Interview with Claudio Colucci for Rexel: Winds of Change

clean energy, renewable energies, renewable energy, wind, wind energy

Winds of Change

Claudio Colluci, an Austro-Italian designer and interior architect, talked to Energy 3.0 about his design for Arbre à Vent®, an energy-producing, sustainable invention that mimics the natural form of trees,  manufactured by French start-up company NewWind.

What led you to work in sustainable development?

The job of architects and designers is changing. I find myself increasingly asking my clients if they themselves are asking the right questions before  starting the design process. Questions such as: What is the product’s purpose? What life-cycle will it have? Which alternative avenues could be explored? Do you really need a new car or simply parking space to accommodate car sharing? Take Uber, for example, who created a worldwide transport network using just a mobile-app. Product designers today are being invited to take part in brainstorming sessions to map out the possible scenarios for future living, moving away from a world of “hard design” to an era of “soft design”.

How did Arbre à Vent® come into being?

It all started with a poetic idea that Jérôme Michaud-Larivière, creator of Arbre à Vent® – “the wind tree” – , wanted to translate into an industrial concept. As head of the start-up NewWind, he started by bringing  together several engineers to take care of the technical aspects of the project, before hiring a designer to look at the aesthetics and ergonomics. Transforming the idea of a tree, with leaves rustling in the wind, into a manufactured product was no mean feat.

However, the project has been a great engineering and aesthetic achievement, resulting in a beautiful product, whose presence is far more pleasant than that of traditional wind turbines with their huge blades. From the outset we wanted our product to be both convenient and client-friendly, and we had to make it ‘look nice’ to allow for its installation in close proximity to our clients.

How does it work?

It took me about a hundred sketches until I found the right design. Arbre à Vent® is an extremely complex industrial endeavour with countless potential variations. Given its 12-metre frame and many components, it will be possible to customize the trunk with various colours, smart finishes and special paints that will contribute to sustainable development.

Moreover, Arbre à Vent® has roots, which could generate geothermal power and an extensive tubular surface could be used to filter and purify the air, or to generate additional photovoltaic power thanks to dye-sensitized solar cells (also known as Grätzel cells), which rely on natural pigments and are therefore much more environment-friendly than silicon.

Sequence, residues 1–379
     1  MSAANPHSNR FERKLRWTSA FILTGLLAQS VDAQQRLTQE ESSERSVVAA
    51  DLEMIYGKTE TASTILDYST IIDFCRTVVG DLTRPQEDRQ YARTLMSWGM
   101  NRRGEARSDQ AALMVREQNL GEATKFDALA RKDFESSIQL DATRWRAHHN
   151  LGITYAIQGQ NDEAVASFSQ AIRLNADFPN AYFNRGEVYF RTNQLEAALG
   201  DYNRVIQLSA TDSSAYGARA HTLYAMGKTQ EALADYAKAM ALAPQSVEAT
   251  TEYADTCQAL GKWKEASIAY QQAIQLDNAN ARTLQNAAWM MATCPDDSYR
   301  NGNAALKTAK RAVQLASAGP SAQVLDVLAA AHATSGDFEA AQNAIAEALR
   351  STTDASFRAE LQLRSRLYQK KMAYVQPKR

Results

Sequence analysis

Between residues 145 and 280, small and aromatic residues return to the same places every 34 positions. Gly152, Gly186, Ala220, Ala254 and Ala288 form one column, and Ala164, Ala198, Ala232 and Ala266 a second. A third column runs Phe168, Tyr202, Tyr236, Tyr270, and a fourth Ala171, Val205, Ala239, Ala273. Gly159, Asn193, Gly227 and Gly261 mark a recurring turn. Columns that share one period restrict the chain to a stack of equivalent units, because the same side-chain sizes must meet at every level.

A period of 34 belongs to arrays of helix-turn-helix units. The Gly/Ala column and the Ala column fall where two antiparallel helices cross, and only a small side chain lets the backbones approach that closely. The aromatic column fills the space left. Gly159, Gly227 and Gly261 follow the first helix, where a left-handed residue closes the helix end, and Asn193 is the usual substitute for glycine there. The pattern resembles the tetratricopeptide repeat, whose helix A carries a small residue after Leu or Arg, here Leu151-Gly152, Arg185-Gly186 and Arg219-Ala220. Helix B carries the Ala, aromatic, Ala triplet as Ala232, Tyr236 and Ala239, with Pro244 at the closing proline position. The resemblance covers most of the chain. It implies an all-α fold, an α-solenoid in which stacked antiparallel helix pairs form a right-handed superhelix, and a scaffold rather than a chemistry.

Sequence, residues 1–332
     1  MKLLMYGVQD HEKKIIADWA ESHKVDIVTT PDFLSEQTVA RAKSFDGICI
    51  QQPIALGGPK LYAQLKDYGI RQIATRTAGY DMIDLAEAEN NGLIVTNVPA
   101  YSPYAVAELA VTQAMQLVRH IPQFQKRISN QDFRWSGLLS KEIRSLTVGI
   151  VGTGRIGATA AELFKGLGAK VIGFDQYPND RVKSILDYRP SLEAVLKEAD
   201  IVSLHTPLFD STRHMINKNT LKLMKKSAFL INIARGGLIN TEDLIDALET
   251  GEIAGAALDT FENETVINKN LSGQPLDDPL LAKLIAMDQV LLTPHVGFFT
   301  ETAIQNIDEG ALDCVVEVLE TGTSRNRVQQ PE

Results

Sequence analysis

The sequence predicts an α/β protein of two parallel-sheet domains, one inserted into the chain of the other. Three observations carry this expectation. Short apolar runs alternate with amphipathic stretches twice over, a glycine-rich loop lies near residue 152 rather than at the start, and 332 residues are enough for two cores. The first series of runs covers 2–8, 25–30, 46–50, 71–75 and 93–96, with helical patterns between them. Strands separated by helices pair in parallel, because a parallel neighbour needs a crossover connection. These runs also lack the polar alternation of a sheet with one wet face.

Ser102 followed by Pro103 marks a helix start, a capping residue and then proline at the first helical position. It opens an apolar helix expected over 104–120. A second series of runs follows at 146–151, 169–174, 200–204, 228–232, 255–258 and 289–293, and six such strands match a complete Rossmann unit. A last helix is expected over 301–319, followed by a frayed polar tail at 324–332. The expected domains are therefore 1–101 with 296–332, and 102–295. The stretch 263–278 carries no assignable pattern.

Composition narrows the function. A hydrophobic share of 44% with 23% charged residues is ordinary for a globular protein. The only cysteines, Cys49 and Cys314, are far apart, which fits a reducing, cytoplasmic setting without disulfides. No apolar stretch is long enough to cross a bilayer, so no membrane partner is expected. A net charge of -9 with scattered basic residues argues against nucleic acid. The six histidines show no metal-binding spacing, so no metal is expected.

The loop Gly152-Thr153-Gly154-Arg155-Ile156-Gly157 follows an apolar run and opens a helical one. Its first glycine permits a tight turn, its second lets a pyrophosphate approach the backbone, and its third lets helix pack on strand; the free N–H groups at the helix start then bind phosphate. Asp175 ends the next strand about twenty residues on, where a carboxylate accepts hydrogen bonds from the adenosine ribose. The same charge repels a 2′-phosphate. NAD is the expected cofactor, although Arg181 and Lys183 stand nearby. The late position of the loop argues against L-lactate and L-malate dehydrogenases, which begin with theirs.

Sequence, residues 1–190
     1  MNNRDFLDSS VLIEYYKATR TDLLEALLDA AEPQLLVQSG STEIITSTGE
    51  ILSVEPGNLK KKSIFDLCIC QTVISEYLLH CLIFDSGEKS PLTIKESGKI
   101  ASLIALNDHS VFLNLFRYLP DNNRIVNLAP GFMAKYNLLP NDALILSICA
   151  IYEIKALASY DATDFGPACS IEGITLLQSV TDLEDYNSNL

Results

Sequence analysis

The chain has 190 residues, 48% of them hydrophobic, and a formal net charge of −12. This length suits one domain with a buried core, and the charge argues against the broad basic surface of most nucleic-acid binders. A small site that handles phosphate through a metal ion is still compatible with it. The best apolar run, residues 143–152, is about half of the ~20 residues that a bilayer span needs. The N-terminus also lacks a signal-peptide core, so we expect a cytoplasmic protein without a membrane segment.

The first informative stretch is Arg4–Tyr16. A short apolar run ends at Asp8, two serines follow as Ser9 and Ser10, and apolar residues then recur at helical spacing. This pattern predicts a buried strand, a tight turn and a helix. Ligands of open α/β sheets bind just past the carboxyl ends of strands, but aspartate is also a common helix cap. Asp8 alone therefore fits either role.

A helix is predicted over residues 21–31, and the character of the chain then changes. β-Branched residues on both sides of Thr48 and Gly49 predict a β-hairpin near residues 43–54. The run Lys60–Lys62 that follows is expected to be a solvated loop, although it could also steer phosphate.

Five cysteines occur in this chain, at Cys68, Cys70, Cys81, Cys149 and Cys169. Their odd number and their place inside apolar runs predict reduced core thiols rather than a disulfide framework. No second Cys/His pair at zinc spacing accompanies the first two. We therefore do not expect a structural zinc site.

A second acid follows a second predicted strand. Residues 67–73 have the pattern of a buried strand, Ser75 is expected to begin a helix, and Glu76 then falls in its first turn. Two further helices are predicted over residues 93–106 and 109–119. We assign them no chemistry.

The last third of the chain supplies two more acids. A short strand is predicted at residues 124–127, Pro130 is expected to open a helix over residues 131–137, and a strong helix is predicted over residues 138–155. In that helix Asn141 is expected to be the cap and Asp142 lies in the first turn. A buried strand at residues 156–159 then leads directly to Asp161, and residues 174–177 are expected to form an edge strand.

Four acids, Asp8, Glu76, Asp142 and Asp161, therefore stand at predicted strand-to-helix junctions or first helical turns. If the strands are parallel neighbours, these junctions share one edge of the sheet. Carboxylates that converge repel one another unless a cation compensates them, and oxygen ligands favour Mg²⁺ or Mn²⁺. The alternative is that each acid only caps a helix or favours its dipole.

Overall, planted in an urban setting, Arbre à Vent® could offer comprehensive technical and ecological services. But besides its primary function to generate energy, what else can we do with it? Will it serve as a meeting point, a battery-charging station, an information point?

How much power can one unit generate?

Arbre à Vent® can cover the needs of a four-person household, bar the heating. You can increase output by adding extra leaves; however, we want to encourage clients to use a hybrid wind/geothermal solution.

Two prototypes have been installed in France so far, one on the ocean side (Charentes Maritimes) and the other at the Cité des Télécoms (Orange Foundation) in Brittany. The third prototype, and almost the first production unit, will be installed at the Place de la Concorde in Paris for two months later this year, along with a platform for visitors and information on real-time power generation. Sales will be launched at the same time giving people the opportunity to buy the tree.

What type of client are you targeting?

Initially, NewWind thought they would mainly target households, but local authorities and public real estate agencies actually form the bulk of the demand. Municipalities and construction companies worldwide are showing great interest as well.

Each client’s specific expectations can lead us to offer customized versions of Arbre à Vent® and its many components. Some clients have very original ideas: for instance, a golf course owner told us he would like to plant several “wind trees” to power his automatic sprinklers. By the way, another key benefit of Arbre à Vent® needs to be mentioned: it is completely silent.

Are you planning to work on any other projects combining technology and ethics?

I organize workshops with small groups and schools in order to discuss how Arbre à Vent® could be adapted to different public places. NewWind developed the leaf as a single product known as Aeroleaf®, which could also be deployed on roofs in bush-like structures, or on the façades of buildings along the railings. Arbre à Vent® is an extremely versatile technology.

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